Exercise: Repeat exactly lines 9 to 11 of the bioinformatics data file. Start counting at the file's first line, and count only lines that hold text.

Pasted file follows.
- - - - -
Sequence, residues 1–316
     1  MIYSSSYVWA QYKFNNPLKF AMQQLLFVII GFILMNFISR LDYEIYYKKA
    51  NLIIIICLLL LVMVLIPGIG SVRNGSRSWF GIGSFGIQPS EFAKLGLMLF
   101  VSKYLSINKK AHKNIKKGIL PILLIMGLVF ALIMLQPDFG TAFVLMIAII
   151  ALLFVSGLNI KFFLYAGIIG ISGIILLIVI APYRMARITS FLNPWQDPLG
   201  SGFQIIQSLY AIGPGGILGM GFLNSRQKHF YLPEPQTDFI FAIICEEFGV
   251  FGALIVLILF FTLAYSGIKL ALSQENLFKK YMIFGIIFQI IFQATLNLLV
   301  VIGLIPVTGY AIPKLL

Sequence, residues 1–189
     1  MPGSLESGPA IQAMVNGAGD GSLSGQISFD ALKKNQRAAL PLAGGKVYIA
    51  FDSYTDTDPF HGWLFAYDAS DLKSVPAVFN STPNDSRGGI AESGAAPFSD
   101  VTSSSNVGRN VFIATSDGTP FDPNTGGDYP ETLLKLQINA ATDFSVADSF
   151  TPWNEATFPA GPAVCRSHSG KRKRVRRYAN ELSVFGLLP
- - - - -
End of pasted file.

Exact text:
Sequence, residues 1–189
     1  MPGSLESGPA IQAMVNGAGD GSLSGQISFD ALKKNQRAAL PLAGGKVYIA
    51  FDSYTDTDPF HGWLFAYDAS DLKSVPAVFN STPNDSRGGI AESGAAPFSD